Nordic FCC Study


Our friends at Nordic VLSI gave us a heads up that our nRF2401 breakout is being used in an FCC study. Near as I can figure, General Electric Healthcare (GEH) wants the FCC to open up the band from 2360MHz to 2390MHz for something called a 'Body Sensor Network' (BSN). GEH wants to snag a rather large slice of the spectrum pie and have it for themselves and their BSNs. Unfortunately this band overlaps with flight test telemetry systems and the Navy is a bit concerned.

https://www.sparkfun.com/tutorial/news/nRF-Test.jpg


 

Johns Hopkins Applied Physics Labs ran the tests. They had to come up with a way to tell if a new BSN device operating in this 236-2390MHz band would interfere with flight test operations. Checkout the hack they did to push the 2.4GHz Nordics into the 2.3GHz band:



"To permit the Nordic chips to operate in the AMT band, the 16.00 MHz surface mount crystal was replaced by a 15.36 MHz crystal. This shifts the operational frequency range of the Nordic transceiver from 2400 – 2525 MHz to approximately 2300 – 2425 MHz. With no further hardware changes whatsoever, the prototypes can operate at any frequency within this 125 MHz band."
 
https://www.sparkfun.com/tutorial/news/nRF-Test2.jpg

"The Figures also illustrate the manner in which two devices, one in transmit mode and one in receive mode, can communicate at a distance of two miles by connecting the receiver to a 15 foot diameter parabolic dish AMT receive antenna and low noise amplifier combination at Patuxent River..."


Where's that 15-ft parabolic when I need one?

http://www.sparkfun.com/tutorial/Speedometer/PIC7_SMALL



Checkout Ryan's new tutorial on a Digital Speedometer. Turns out his car was indicating 5mph over what his actual speed was!


Onto new products!



 


Product Update! The Arduino USB Board is now being shipped with ATMega328. The new Arduino USB board is still fully compatible with the Arduino IDE, contains twice as much memory, and uses a faster baud rate to upload sketches.





The Powerline Communication Modem is a transceiver module designed to send and receive data transparently over power lines. Includes headers that are compatible with XBee modules, as well as the two next items below. Wirelessly monitor your power hungry devices and decrease your carbon footprint!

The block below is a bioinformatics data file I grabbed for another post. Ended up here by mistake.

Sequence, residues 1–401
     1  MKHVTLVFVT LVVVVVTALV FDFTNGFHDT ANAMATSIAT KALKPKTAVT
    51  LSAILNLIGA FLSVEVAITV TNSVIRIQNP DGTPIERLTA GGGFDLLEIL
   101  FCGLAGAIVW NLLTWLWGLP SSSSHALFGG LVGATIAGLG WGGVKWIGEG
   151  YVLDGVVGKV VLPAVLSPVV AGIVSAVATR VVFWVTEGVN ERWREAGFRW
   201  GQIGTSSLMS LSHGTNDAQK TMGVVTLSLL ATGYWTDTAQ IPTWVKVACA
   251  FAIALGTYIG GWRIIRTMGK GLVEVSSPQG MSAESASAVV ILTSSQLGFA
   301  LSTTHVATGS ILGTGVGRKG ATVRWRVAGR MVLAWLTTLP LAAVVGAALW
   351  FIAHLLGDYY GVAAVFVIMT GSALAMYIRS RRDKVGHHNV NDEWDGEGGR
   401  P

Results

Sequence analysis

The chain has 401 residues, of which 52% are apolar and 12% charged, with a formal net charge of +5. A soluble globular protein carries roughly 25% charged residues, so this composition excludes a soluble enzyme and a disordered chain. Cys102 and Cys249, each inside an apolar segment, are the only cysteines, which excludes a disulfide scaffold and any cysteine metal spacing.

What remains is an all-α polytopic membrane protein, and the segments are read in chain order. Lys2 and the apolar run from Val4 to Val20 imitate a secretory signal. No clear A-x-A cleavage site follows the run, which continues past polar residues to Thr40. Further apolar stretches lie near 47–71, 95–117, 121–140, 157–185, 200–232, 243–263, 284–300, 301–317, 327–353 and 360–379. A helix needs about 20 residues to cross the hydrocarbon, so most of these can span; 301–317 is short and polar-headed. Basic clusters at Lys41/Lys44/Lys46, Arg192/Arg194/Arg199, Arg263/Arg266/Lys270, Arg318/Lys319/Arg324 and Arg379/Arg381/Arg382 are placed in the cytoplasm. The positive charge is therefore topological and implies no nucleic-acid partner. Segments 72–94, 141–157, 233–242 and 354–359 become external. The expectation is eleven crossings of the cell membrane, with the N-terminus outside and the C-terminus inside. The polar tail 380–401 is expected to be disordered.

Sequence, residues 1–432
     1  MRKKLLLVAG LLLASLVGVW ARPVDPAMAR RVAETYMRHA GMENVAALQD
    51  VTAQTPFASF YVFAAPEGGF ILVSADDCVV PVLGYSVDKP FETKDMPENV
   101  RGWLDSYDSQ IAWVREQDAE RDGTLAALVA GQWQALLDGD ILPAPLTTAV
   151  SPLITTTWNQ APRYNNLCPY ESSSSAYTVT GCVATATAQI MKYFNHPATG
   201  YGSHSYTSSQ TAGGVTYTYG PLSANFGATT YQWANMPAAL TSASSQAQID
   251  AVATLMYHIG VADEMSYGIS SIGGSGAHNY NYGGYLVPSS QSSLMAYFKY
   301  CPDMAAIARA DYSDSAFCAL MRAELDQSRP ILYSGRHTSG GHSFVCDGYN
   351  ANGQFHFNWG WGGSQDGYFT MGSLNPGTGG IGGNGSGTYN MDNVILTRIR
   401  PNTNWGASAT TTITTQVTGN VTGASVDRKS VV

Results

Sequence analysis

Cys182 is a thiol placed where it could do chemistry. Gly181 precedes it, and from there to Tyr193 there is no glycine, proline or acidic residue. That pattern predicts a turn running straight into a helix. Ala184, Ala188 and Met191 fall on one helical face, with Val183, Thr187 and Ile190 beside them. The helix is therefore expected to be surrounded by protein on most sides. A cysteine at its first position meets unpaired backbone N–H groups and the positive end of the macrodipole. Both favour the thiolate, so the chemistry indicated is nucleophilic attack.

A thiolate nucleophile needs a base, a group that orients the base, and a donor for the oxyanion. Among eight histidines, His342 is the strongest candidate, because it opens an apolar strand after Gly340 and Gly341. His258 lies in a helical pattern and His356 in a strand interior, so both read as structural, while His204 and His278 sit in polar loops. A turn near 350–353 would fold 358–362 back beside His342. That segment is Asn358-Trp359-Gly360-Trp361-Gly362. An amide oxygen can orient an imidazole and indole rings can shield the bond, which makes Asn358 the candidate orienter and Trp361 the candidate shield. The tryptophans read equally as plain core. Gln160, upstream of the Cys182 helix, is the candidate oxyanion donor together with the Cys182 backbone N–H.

In addition to adding XBee connectivity to the Powerline Communication Modem, you can easily add a RS232 interface....



 
as well as a RS485 interface.




The new XBee Explorer Serial allow for easy RS232 communication and programming to all of our XBee modules. The onboard barrel jack allows for higher current power supplies (compared to our USB Explorer) to be connected to satisfy the higher current draws from the XBee.





Also, two more of the long range XBee Pro 900s!


We now sell a 1 foot length cable for EM406 and EM401 GPS modules. Works well with our UAVv2 and Ardupilot systems.

Comments 8 comments

  • I do my research work in this space, and I’m a big proponent of Bluetooth at 2.4Ghz. Bluetooth has a number of advantages :
    - prevelance in existing electronics
    - multiple protocol stacks implemented
    - lower current consumption per bit than most other protocols
    - higher data throughput
    - high power & high data rate options available
    - built-in DUN (dialup networking) allows for simplified telemetry over the cellualar network
    etc..

  • I find the range of the 900-series Xbee’s very interesting. Sad thing is, we in Europe can’t use them as the frequencies these use are used for mobile phones. Are there any Xbee’s that operatie in the 868MHz (or 433-434 MHz band)?

    • There is an amazing XBeePro for the European 868 MHz frequency.
      To wet your apetite:
      - 40 km RF LOS w/ dipole antennas
      - 80 km RF LOS w/ high gain antennas (TX Power reduced)
      - 128-bit AES encryption
      Devkit containing two 868s, USB- and RS232-adapters: 99$!
      Link: http://www.digi.com/products/wireless/point-multipoint/xbee-pro-868.jsp

    • Indeed. I got all excited only to be shot down by silly regulations. I’m trying to use the Xbees inside a warehouse and it seems not even the power of the Pro 50mW is enough to punch through the weirdness of that building.

  • One would expect any real Body Area Network (there’s an IEEE draft for this) would use two-way data communications.
    A test with a the narrow beamwidth of a 15dBi gain dish on one end is curious: such antenna gain would be irrelevant to a real system. So the range achieved is moot.
    Moreover, it would seem that a standards-based MAC and PHY would be assessed for this need.

    • Aren’t they testing to see whether their big flight testing-related antennae will pick up stray transmissions from the BSN-sized antenna?

  • The inline pics are swapped for the RS232 and RS485 interfaces, other than that sounds great!!! Any thing new about XBee is exciting!

    • Thanks Michael - the text placed below each image is a bit confusing, but the images and links are correct.


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